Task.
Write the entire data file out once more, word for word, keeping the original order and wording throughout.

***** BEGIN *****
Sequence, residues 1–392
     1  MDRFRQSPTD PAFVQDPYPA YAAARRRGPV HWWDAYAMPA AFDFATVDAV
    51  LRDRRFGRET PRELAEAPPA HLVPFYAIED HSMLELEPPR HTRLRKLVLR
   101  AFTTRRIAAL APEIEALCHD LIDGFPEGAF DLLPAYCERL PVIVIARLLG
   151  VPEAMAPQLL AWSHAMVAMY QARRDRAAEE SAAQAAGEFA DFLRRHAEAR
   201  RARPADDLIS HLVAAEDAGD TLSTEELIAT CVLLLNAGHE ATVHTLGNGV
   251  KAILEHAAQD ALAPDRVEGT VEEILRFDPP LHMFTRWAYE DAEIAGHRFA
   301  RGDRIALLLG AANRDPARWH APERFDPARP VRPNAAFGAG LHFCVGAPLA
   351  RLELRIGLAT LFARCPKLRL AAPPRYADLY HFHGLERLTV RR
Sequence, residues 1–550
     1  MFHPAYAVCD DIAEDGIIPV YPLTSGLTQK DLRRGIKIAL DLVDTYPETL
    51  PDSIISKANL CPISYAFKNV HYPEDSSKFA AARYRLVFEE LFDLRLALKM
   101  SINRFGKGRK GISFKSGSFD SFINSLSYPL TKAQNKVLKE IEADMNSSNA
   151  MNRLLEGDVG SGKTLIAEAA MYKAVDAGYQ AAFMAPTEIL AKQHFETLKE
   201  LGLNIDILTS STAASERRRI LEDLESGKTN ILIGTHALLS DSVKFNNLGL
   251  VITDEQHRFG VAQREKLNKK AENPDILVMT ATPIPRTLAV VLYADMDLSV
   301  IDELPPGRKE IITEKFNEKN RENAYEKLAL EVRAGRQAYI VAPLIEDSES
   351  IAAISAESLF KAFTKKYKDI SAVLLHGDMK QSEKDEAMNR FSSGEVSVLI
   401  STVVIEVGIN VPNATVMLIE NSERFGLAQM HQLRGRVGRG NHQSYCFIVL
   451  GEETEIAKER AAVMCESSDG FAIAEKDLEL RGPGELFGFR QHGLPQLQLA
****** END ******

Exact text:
Sequence, residues 1–392
     1  MDRFRQSPTD PAFVQDPYPA YAAARRRGPV HWWDAYAMPA AFDFATVDAV
    51  LRDRRFGRET PRELAEAPPA HLVPFYAIED HSMLELEPPR HTRLRKLVLR
   101  AFTTRRIAAL APEIEALCHD LIDGFPEGAF DLLPAYCERL PVIVIARLLG
   151  VPEAMAPQLL AWSHAMVAMY QARRDRAAEE SAAQAAGEFA DFLRRHAEAR
   201  RARPADDLIS HLVAAEDAGD TLSTEELIAT CVLLLNAGHE ATVHTLGNGV
   251  KAILEHAAQD ALAPDRVEGT VEEILRFDPP LHMFTRWAYE DAEIAGHRFA
   301  RGDRIALLLG AANRDPARWH APERFDPARP VRPNAAFGAG LHFCVGAPLA
   351  RLELRIGLAT LFARCPKLRL AAPPRYADLY HFHGLERLTV RR
Sequence, residues 1–550
     1  MFHPAYAVCD DIAEDGIIPV YPLTSGLTQK DLRRGIKIAL DLVDTYPETL
    51  PDSIISKANL CPISYAFKNV HYPEDSSKFA AARYRLVFEE LFDLRLALKM
   101  SINRFGKGRK GISFKSGSFD SFINSLSYPL TKAQNKVLKE IEADMNSSNA
   151  MNRLLEGDVG SGKTLIAEAA MYKAVDAGYQ AAFMAPTEIL AKQHFETLKE
   201  LGLNIDILTS STAASERRRI LEDLESGKTN ILIGTHALLS DSVKFNNLGL
   251  VITDEQHRFG VAQREKLNKK AENPDILVMT ATPIPRTLAV VLYADMDLSV
   301  IDELPPGRKE IITEKFNEKN RENAYEKLAL EVRAGRQAYI VAPLIEDSES
   351  IAAISAESLF KAFTKKYKDI SAVLLHGDMK QSEKDEAMNR FSSGEVSVLI
   401  STVVIEVGIN VPNATVMLIE NSERFGLAQM HQLRGRVGRG NHQSYCFIVL
   451  GEETEIAKER AAVMCESSDG FAIAEKDLEL RGPGELFGFR QHGLPQLQLA